Many Individuals and Business Entities enter into different Contracts for various reasons such as protecting their businesses against unscrupulous Individuals and Juristic Persons, minimising or solving disputes and/ or to create certainty. A Contract can be entered into orally, in writing, or in any other form should the law not prescribe a mandatory form for the contract to be entered into.
Contract Intended to Create Legally Enforceable Obligation
At the most basic, a Contract can be regarded as an Agreement between two or more Parties, where such Agreement is intended to be legally bounding on both Parties. Therefore, in order to constitute as a Contract, there must be consensus as well as animus contrahendi (a serious intention to create legally enforceable obligations). The Minds of the Parties must meet (or at least appear to meet) on all material aspects of their Agreement.
Improperly Obtained Consensus
Where consensus was obtained as a result of misrepresentation, duress or undue influence, such a Contract will be valid and binding but voidable at the instance of the Innocent Party to the contract who is legitimately exercising a power to avoid the contractual obligations.
Whether the ground for relief is misrepresentation, duress, undue influence, the Innocent Party is faced with an election either to rescind the Contract or to uphold it. His or her decision, once made and communicated to the other Party, is final and irreversible without the other Parties’ consent.
Misrepresentation is a misstatement regarding a past or present fact made by one Party to another before or at the time of the concluding the Contract concerning some matter or circumstances related to it. Usually the misrepresentations would have induced the Innocent Party to enter into the Contract with the other Party. Misrepresentations can be fraudulent, negligent, or innocent.
Duress is improper pressure that amounts to intimidation. Although there is consensus, this is inspired by the fear of an illegitimate threat, thus the Contract is valid but voidable at the option of the Threatened Party. The Threatened Party can thus set aside the Contract and claim restitution or resist the enforcement of the Contract by the other Party.
The Party who alleges duress must establish the following:
- Actual violence or reasonable fear;
- The fear must be caused by the threat of some considerable evil to the Party or his/her family.
- The threat must be imminent or inevitable.
- The threat or intimidation must be contra bones mores (against the good morals of society).
- The coral pressure used must have caused damage.
Similar to duress, undue influence is a form of improper pressure brought to bear upon a person in order to induce him or her to enter into a Contract. However, unlike duress, undue influence is more subtle, involving an erosion of the victim’s ability to exercise free will in a matter, usually through abuse of an unequal relationship to influence and undermine the will of the other Party in a certain matter.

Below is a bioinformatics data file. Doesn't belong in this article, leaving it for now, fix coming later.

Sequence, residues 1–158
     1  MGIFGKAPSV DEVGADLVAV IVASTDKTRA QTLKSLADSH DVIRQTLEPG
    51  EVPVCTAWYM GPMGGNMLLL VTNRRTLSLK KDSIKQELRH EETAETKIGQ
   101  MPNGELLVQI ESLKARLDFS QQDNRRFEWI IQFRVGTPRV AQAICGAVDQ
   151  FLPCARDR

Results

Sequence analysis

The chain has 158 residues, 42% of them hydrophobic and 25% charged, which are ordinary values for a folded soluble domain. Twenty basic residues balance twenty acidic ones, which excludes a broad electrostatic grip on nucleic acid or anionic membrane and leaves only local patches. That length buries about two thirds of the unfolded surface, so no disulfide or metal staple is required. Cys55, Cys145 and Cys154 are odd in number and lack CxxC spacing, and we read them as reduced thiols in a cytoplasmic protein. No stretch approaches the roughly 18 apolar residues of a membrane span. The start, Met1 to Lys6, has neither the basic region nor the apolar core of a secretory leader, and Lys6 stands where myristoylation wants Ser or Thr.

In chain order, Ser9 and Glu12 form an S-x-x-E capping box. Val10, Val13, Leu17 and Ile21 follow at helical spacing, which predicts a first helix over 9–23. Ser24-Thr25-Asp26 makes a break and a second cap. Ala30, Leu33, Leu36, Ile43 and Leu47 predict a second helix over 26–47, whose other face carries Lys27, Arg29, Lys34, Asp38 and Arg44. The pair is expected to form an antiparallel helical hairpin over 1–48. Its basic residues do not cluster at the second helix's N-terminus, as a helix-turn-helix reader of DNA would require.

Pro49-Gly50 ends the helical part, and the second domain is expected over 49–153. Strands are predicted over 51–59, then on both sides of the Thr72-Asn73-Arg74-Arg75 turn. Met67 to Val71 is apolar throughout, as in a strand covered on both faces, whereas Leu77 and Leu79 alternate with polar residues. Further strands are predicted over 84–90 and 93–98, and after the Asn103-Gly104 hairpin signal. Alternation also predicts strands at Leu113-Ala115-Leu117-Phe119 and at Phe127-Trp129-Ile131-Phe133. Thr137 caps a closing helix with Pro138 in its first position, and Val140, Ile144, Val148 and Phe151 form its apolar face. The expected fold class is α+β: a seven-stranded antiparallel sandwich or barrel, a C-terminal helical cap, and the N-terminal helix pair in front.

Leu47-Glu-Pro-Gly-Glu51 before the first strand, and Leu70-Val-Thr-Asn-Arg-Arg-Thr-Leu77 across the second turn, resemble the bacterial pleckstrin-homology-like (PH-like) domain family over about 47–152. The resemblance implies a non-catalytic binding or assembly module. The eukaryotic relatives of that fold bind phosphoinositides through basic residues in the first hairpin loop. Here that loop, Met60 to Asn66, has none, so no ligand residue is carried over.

Remedy: restitutio in integrum
This remedy attempts to, as far as is possible, restore both Parties to the position they were in prior to entering into the Contract and it is in the disposal of the Innocent Party.
The restitutio in integrum remedy entitles the Innocent Party to set aside the legal consequences of the Contract (or a previously valid transaction) and the obligation to restore the person from whom they were received any property or benefits given and received in consequence of the original legal relations.
Should the Innocent Party choose to uphold the Contract, he or she is bound by its terms. If he or she elects to rescind the Contract, such a decision must be communicated to the other Party and the Contract terminates upon receipt of such notice. A duty then arises on both Parties to restore and/or return any performance that has been made in terms of the Contract.
In these modern times contracts are concluded daily by individuals and business entities and some even conclude contracts by emails and SMS. The importance of consensus being properly obtained is that it reflects and always gives effect to the Parties’ intention and not to simulate intention each, or both of them in concert, may have pretended in their agreement.
The dangers of consensus being improperly obtained is that it legally binds an innocent party to an agreement which if it was not obtained through duress, fraud and undue influence, they would not have been a party to. This is because such an obligation would amount to an innocent party incurring some form of risk or the agreement being highly prejudicial to them.
Protect the future of your assets, business and manage your expectations by contacting SchoemanLaw Inc today for expert advice on all Contractual drafting and related matters.